New Year’s Checkup

It’s a new year, and for most people that means “new beginnings.” Humans are naturally drawn to specific milestones in our lives because they feel like opportunities to start over fresh or rebuild from the ground up. The new year isn’t the only such milestone, it could also be a birthday, holiday, new week, etc. That’s why we get so excited about an – objectively speaking – arbitrary day. It’s a new chapter, a chance to redefine ourselves and do anything we want. In some cases, this could mean getting shape, finding love, finishing a book, any number of things. But it could – and should – also meaning a revaluation: where are you now? Where do you want to be? What can you do better? In privacy and security, I believe we should always be striving to take the next step and do better, but it’s always wise to check back and make sure you’ve got the basics covered. So in the spirit of new beginnings and revaluation, I’d like to present a few tips to help you check your privacy and security basics and set yourself for up a successful 2023.

1. Check Your Passwords

The single most important thing you can do to protect yourself online is to use good passwords. This is day one stuff, and yet we still struggle with it. That’s why this piece of advice keeps showing up on lists like this. The world is (hopefully) moving toward a passwordless future, but it’s still a ways off, so until then you’ve got to start using good passwords. Password managers are becoming more mainstream, but I have a strong suspicion that most people are using them simply to track their bad passwords. If this is you, this is your sign: start fresh.

If you’re not using your password manager to generate new passwords, you’re only getting the convenience benefits of the tool and not the full security features. Imagine buying a nice, quality power drill and using it to hammer in nails. Sure, it’s probably pretty easy with how much weight is on a good drill, but you’re still not getting the full benefit of the tool until you start using it right. Promise yourself to get the most out of your password manager this year.

2. Check for 2FA

Two-factor authentication of any kind is becoming increasingly common. It’s always a pleasant surprise when I sign up for a new website and see that they offer 2FA, even more so when they offer TOTP (or pretty much anything other than SMS). The weird part is that organizations and companies never seem interested in broadcasting this fact. Websites are always eager to send you marketing emails telling you about the useless, niche features they’ve rolled out like new shopping lists, new search features, or new items, but never about new security features like “hey, we upgraded our hashing algorithm” or “we now offer 2FA to better protect your account.” You would think that any good news is welcome news, but I guess I just don’t understand how to grow a sustainable brand.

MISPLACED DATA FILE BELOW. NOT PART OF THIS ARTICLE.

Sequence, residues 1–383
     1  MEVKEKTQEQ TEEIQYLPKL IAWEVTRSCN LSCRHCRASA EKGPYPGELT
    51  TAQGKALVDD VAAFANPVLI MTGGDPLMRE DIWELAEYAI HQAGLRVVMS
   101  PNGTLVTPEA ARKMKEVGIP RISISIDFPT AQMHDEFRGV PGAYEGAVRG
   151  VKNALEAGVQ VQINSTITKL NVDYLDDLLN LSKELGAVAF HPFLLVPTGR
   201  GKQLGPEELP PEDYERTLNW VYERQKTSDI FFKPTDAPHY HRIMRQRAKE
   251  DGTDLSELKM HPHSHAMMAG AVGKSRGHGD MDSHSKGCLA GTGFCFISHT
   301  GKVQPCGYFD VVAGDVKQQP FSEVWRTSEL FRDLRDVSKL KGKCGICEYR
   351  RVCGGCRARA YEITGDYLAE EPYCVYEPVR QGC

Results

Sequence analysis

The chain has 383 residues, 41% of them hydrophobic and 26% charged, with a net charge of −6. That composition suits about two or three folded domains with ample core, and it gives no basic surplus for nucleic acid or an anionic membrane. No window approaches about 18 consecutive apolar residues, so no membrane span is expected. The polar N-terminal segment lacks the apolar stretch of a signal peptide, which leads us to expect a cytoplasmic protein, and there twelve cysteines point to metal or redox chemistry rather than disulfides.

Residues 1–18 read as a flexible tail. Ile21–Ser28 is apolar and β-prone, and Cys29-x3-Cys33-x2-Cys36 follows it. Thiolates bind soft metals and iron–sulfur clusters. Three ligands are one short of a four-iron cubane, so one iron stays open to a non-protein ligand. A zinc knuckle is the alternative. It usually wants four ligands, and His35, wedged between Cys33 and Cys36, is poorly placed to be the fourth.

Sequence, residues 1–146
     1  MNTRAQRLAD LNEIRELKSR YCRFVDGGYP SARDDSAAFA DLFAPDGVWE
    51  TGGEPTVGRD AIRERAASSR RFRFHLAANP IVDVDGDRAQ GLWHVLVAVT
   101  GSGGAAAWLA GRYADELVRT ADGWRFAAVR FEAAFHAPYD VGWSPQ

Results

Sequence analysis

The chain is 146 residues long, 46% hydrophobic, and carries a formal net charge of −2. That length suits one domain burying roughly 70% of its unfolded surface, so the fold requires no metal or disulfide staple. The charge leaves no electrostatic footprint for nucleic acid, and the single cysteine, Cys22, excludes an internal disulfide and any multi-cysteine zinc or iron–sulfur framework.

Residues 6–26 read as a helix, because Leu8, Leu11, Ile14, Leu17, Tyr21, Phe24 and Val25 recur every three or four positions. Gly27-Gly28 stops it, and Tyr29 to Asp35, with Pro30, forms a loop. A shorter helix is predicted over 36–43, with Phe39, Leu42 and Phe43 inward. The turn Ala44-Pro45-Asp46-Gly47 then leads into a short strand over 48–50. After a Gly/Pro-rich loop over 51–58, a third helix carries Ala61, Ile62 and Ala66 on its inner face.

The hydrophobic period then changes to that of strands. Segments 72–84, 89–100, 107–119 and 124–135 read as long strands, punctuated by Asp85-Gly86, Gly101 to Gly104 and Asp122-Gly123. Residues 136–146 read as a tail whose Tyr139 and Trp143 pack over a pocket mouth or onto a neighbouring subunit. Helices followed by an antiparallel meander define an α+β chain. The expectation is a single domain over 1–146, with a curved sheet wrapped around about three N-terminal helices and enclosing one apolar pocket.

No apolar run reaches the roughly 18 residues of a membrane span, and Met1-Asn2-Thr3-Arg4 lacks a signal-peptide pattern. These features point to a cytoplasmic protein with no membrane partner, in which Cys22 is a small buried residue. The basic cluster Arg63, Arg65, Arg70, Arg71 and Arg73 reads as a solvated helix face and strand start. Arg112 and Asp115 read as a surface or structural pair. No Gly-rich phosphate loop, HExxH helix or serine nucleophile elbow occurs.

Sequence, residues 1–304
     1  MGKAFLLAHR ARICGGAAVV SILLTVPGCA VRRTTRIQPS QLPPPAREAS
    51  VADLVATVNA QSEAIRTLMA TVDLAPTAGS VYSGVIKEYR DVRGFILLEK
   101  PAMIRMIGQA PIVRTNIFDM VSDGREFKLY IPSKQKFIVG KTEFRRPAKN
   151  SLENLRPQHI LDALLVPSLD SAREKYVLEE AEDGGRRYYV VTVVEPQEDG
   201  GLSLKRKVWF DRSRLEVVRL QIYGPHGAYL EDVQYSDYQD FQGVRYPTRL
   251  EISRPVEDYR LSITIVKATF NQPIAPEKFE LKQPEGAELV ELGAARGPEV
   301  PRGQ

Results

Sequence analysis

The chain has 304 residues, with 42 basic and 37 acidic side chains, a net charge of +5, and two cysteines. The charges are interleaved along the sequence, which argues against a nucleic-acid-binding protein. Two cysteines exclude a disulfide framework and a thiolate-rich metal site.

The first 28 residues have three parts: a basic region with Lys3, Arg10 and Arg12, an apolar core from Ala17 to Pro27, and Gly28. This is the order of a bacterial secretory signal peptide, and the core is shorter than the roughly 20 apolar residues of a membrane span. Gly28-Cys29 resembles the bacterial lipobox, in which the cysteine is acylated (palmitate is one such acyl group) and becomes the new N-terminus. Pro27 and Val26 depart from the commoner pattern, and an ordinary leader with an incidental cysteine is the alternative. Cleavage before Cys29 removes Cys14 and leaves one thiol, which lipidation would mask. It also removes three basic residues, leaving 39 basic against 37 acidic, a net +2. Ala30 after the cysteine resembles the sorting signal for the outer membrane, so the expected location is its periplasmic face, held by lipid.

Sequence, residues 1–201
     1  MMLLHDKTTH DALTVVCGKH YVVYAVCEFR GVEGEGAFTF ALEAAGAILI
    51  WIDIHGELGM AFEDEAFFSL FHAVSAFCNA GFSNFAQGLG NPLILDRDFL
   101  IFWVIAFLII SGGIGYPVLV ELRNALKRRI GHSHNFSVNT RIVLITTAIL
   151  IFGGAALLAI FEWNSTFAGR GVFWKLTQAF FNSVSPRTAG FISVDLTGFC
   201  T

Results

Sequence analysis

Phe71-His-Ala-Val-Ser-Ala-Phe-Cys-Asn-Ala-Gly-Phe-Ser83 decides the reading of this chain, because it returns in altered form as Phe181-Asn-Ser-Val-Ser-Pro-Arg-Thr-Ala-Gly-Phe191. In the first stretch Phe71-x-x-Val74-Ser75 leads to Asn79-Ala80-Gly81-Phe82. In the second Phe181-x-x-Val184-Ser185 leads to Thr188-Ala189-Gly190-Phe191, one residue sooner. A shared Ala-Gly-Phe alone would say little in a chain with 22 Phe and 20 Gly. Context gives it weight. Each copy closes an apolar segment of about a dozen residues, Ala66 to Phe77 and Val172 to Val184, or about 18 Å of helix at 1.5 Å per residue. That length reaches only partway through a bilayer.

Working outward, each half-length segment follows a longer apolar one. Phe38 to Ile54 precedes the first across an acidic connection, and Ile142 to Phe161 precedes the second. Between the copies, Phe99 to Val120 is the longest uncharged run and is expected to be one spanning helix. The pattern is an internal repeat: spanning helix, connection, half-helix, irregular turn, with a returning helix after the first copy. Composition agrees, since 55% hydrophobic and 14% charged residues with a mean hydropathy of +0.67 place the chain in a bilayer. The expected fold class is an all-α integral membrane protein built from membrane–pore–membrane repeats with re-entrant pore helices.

Anyways, this is – again – your sign to go peruse your account settings and look for 2FA. It’s possible the services you’re using didn’t have it when you signed up and now they do. Don’t log out, cause we’re gonna do some more poking around in Tip 5.

Image Photo by Mikhail Nilov on Pexels.com

3. Freeze Your Credit

This tip is specifically for my American readers, but it recently became even more clear to me how valuable this trick is. Late last year, someone attempted to steal my identity. I may write a whole blog about it, but the short version is that I got a call from TransUnion saying that I needed help unfreezing my credit (the fraud alert in action). I assured them I did not and went about my way. Later, investigative cyber journalist Brian Krebs reported that fraudsters had found a way to bypass identity verification services at Experian to view credit reports without authentication. In other words: cybercriminals could access your credit reports freely, which could give them more information to more easily steal your identity.

A credit freeze is easily the best way to stop this. I cannot impress upon you how the risks to your identity grow each year. Don’t waste your money with identity theft protection or insurance services, who will only react after the fact. Save the money and headache and prevent the damage all at the same time while staying a step ahead of the bad guys.

4. Clear out apps and programs

As a privacy advocate, I try to practice what I preach. Still, when I’m out in public, I sometimes can’t help but notice stuff. Like the time I noticed a lady who had at least five full pages of apps on her iPhone. Five full pages of like, 5x7 apps. I don’t even think I could list that many apps if you put a gun to my head, to be honest with you. And all I could think was “how often do you think she uses those apps?”